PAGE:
"I think that's a great benefit. Yes, it's a cautious approach, but why
wouldn't you be cautious with $3.5 billion of export."

The Age (Australia)
March 25, 2004 - 2:30PM

Bracks says 'No' to GM food

By Nick Lenaghan

The Victorian government has imposed a new four-year moratorium on the
commercial planting of genetically modified (GM) canola crops.

Premier Steve Bracks said today the decision would protect the state's
and green image".

Mr Bracks, who made the announcement at Melbourne's docks area, said he
wanted to ensure Victoria's $3.5 billion of export trade in dairy and
remained sound.

"Yes, it's a cautious approach, but why wouldn't you be cautious with $3.5
billion of export - of grains and dairy products - that already are coming
out of this port?"

Victoria already had a moratorium that was due to expire in May and the new
ban meant a "no-change" position on GM crops, he said.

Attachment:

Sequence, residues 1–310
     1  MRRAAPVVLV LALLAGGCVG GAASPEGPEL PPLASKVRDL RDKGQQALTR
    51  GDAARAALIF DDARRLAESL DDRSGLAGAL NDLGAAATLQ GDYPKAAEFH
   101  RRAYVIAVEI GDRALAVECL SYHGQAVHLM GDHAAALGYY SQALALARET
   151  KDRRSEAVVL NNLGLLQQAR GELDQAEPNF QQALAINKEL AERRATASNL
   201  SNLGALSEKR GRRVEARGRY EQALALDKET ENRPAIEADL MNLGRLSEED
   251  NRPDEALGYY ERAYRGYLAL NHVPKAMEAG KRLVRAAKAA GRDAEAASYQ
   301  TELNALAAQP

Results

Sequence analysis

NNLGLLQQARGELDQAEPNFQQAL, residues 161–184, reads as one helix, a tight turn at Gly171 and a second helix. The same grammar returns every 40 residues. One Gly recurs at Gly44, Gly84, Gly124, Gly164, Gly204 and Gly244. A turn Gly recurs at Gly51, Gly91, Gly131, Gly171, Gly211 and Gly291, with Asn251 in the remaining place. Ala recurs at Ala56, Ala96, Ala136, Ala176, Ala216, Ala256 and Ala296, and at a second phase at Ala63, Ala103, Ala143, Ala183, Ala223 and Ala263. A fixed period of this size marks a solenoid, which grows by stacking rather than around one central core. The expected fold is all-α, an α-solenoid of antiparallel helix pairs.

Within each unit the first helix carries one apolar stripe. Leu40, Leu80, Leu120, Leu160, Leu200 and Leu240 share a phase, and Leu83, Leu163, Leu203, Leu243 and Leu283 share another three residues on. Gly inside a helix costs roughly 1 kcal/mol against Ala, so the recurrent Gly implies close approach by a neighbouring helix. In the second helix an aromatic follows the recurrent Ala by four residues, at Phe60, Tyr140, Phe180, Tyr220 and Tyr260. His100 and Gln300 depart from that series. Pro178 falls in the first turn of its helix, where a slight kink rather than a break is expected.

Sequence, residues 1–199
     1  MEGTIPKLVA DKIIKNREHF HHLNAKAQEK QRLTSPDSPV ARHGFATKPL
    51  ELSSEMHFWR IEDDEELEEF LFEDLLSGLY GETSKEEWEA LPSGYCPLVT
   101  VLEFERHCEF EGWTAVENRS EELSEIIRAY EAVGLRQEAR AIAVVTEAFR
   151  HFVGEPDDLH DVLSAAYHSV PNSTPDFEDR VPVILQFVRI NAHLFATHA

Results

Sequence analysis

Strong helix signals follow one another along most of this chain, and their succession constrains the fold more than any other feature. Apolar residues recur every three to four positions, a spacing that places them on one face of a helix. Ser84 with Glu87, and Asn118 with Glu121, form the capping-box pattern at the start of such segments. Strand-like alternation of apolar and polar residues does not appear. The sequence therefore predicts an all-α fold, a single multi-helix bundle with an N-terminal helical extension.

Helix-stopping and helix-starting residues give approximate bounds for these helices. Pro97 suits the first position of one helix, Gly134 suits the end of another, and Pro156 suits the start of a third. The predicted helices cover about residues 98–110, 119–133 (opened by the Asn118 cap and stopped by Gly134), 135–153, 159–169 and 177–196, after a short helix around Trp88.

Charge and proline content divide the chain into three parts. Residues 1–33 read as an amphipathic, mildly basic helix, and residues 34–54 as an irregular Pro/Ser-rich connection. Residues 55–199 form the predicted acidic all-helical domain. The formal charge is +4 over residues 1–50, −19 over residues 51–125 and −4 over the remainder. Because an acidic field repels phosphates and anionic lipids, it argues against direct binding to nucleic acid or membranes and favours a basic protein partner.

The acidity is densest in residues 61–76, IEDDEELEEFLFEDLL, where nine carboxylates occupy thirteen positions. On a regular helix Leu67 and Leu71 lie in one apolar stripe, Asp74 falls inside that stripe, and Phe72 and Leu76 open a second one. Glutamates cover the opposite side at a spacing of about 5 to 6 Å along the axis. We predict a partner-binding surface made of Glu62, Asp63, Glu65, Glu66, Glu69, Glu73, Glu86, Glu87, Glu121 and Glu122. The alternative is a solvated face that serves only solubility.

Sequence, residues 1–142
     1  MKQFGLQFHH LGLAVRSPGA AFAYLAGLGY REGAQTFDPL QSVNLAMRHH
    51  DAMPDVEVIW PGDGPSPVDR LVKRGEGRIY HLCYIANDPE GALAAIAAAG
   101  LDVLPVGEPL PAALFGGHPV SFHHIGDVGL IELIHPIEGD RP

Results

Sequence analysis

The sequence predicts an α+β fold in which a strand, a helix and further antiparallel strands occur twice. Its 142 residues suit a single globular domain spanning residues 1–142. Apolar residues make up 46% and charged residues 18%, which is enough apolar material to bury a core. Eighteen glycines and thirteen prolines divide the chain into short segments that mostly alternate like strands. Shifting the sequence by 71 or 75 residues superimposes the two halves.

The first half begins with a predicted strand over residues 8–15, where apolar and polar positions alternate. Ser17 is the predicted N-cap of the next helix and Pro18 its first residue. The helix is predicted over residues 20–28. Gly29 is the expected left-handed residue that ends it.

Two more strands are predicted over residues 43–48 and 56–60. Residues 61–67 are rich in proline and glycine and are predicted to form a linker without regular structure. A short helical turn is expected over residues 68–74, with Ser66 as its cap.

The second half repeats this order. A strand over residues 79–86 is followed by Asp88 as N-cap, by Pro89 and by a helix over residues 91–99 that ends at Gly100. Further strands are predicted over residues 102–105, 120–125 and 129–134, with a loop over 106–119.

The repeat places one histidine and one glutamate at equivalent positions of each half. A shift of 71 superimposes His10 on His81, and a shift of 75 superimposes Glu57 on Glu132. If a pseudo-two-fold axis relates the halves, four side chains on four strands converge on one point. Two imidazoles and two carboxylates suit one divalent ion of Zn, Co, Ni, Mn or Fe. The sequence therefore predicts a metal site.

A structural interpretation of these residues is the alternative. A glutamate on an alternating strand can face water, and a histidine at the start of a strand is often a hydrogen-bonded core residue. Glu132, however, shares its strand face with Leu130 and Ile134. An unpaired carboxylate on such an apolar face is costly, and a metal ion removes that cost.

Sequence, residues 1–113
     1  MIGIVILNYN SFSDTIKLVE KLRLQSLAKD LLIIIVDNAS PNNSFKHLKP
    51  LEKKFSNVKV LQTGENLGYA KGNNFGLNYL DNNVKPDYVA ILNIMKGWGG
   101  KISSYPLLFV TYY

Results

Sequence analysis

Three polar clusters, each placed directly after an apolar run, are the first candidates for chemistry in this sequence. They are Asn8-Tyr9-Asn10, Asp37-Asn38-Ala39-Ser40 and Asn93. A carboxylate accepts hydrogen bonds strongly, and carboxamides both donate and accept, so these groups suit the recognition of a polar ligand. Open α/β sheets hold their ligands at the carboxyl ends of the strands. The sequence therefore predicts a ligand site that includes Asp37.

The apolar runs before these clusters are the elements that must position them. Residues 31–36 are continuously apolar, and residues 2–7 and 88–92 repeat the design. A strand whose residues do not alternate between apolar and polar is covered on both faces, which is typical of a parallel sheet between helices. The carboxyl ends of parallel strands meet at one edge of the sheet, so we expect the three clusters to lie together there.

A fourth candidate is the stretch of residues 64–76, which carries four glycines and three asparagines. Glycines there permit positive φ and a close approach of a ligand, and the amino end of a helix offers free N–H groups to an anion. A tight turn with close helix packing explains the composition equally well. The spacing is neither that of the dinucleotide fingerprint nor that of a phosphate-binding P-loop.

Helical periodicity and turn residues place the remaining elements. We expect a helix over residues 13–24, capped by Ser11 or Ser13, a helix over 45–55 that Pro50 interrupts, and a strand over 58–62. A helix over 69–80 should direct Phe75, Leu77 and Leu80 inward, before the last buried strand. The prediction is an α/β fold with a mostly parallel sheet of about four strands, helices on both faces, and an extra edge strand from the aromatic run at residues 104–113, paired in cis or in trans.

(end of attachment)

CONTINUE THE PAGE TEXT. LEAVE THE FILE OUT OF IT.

"What exists now will exist in the future," Mr Bracks said.

Legislation will be introduced to give the state control over all GM crops,
with a specific ban on GM canola until 2008.

Agriculture Minister Bob Cameron, who made the announcement with the
said the legislation would allow for "tightly controlled scientific and
research trials".

But Victoria would not allow trials which amounted to "thousands of
as had been proposed elsewhere in Australia, he said.

"We don't believe that that's appropriate because that really amounts to a
limited form of general release," Mr Cameron said.

However, the government acknowledged an impact report it had commissioned,
which it released today, had recommended "commercial co-existence trials of